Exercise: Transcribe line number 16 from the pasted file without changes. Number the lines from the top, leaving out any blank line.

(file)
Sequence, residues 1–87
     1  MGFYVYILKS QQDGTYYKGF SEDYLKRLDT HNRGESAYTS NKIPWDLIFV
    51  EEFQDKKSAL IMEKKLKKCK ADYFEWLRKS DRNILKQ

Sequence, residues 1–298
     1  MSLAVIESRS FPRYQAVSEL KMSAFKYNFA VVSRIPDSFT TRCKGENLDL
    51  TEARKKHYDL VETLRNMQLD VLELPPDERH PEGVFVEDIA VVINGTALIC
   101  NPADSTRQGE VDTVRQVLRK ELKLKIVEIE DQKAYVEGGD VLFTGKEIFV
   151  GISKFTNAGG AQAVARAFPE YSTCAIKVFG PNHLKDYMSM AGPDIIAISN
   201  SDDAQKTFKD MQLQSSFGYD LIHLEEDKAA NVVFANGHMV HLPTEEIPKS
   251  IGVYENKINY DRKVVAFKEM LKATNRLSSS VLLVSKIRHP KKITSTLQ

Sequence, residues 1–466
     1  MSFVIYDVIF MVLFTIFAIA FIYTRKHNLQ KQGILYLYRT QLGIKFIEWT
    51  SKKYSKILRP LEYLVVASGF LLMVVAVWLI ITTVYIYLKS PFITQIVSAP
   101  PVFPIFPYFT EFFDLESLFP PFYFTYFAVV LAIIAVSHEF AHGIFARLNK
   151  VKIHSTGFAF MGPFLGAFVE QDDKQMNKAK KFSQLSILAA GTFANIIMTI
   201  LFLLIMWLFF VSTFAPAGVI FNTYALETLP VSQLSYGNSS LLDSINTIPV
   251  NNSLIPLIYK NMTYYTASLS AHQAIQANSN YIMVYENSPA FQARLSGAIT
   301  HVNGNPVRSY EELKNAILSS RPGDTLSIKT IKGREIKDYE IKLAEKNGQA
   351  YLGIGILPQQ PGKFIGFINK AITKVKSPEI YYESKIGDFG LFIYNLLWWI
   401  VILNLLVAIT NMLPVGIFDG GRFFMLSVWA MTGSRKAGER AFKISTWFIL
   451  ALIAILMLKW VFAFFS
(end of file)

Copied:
   201  LFLLIMWLFF VSTFAPAGVI FNTYALETLP VSQLSYGNSS LLDSINTIPV